I swiftly grabbed 4 packages, and then insisted on telling the helpfull (but probably slightly scared) Ikea sales rep about how amazing this invention was.

As soon as I got home I set to filling all the holes in my upper cabinets in the coffee bar & the rest of the glass door fronted cabinets in my kitchen.

Shelf Holes Before
Shelf Holes Before
Shelf Holes After
Shelf Holes After

YOUR MIND IS BLOWN, RIGHT?! (or am I the only person in the world who gets this excited about filled shelf holes…)

Total Cost: $3 ($1 per cabinet) my fingers did get a bit sore after pushing in 300 of these puppies, but a small price to pay for sexy looking cabinets.

Go pick some of these up at your local Ikea, then send me tearful letters about how  they changed your life.


*UPDATE!* Variera Cover Cap’s are now available online at

Ikea Kitchen Installation Tip

So last week we taught you how to open an Ikea box without ruining your marriage.

Now we’ll teach you how to install an Ikea upper cabinet without swearing at your spouse, or dropping a 30lbs cabinet on their head. You’re getting marriage counseling and DIY all in one. You should thank me.

So when installing an Ikea upper cabinet, you need to hold the cabinet up to the wall where you want it, then mark for where the rail is going to go. This can be a bit of an awkward process with two people. One person has to hold the cabinet over their head steady and level while the other person marks. This is the point where one of you is on a ladder wielding a level and a pencil, directing the other one who is trying to brace the cabinet on their shoulders and keep it steady while you tell them to move it “a little to the left, no your other left dumbass”. This is the point in time when things are about to go oh so wrong. So here’s what you need to do.

You installed your lower cabinets already, correct? They’re nice and level and secure and wonderful? (Level is the key here!)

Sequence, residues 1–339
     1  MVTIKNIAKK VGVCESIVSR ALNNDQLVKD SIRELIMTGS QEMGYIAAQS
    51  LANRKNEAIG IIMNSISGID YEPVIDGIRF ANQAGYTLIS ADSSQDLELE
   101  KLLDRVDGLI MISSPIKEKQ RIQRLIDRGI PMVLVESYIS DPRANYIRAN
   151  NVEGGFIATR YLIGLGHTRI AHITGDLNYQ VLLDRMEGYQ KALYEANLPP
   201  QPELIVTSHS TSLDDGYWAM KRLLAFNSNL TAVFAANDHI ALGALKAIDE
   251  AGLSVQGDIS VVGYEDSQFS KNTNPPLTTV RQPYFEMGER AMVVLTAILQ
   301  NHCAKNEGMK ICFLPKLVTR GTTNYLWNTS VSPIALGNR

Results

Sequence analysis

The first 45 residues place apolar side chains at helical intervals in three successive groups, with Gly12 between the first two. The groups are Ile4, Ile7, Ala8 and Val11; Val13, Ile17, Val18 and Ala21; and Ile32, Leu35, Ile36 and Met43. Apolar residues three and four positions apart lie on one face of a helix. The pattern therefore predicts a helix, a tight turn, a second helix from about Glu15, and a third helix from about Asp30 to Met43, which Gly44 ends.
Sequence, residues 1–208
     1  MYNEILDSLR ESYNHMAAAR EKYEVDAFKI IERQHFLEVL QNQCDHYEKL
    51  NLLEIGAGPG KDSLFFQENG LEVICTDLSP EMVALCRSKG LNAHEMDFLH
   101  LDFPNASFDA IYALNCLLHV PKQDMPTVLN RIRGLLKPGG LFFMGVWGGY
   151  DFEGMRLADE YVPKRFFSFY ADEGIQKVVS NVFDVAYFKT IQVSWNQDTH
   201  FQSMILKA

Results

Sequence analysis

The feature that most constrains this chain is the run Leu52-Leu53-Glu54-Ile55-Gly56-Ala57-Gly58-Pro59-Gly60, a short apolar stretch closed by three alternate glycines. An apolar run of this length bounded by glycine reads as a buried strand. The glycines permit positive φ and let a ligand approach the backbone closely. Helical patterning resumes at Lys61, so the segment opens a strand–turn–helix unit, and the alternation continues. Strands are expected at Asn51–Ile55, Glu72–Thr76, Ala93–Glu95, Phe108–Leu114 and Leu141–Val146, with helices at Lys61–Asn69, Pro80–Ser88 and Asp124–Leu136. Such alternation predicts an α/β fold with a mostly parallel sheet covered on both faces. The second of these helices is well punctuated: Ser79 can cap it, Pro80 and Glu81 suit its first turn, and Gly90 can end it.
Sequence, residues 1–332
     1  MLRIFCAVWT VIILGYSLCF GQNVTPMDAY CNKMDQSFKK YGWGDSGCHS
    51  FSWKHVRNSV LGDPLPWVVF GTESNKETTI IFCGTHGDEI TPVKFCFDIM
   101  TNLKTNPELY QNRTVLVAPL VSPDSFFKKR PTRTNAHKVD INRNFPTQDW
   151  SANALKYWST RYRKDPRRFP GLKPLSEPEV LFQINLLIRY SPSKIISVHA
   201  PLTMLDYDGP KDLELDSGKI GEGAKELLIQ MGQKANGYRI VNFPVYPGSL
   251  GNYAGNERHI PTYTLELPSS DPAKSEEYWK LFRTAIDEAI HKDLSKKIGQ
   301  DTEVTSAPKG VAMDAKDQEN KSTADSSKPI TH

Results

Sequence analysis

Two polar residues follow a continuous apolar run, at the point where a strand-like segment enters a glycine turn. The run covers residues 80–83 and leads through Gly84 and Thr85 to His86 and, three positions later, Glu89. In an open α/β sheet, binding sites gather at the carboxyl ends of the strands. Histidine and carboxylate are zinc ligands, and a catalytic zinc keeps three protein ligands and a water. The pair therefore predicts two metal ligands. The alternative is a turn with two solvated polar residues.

Measure the distance between the top of your lower cabinet, and where the bottom of the upper cabinet should be. Now go to the garage and cut two 2×4’s to exactly that length (I am gonna call them stilts). Come back inside, and place them standing up straight on your lower cabinets.

Cabinet Stilts
Cabinet Stilts (although we ended up turning them sideways, see next picture)

Now lift your upper cabinet up and rest it on the stilts. You still have to hold on to the cabinet, but now the entire weight isn’t fully resting on your shoulders, and your cabinet is prolly pretty damn close to level. Mark your holes, then take the cabinet down and install your rail. Once you are ready to install the cabinet, use your stilts again to give the cabinet some support while you screw in all the bolts.

Bolting in the cabinet
Bolting in the cabinet

Yep, those two scrap pieces of wood just saved you from a black eye, dented cabinet and sleeping on the sofa.

You’re welcome.

And yes El Granto’s work pants are pink. He’s secure that way.

Coffee Bar – Stage 1

On our list of 2013 DIY Goals we noted one big project being the coffee bar. The coffee bar will be placed in our open concept kitchen/dining room. It will be on the opposite wall from our U shaped kitchen, and will be placed half way between the kitchen and dining room.


We decided to build a coffee bar there for several reasons. A.) We wanted more counterspace to house our prolific array of coffee paraphania. B.) We needed more storage for kitchen dishes and barware, and C.) we wanted more space to lay dishes during parties. We decided instead of getting a freestanding buffet, we would build in the coffee bar using cabinets that match our kitchen. I set to planning the coffee bar about a year ago, but it hasn’t been on the top of our DIY priority list, and to be honest its also a bit of a big ticket item. We decided to do it in stages to alleviate the financial burden. Thanks to some Ikea gift cards for my last birthday and Christmas, we were able to use our time off between Christmas and New Years to get started!

The first stage was buying and installing the cabinet bases, then making a temporary countertop. Stage two will be wiring in new electrical outlets, pouring a DIY concrete countertop, adding some reclaimed wood open shelving and getting a few doors for the bottom cabinets. The last stage will be adding glass doors to the uppers, and a three drawer unit to the middle base cabinet.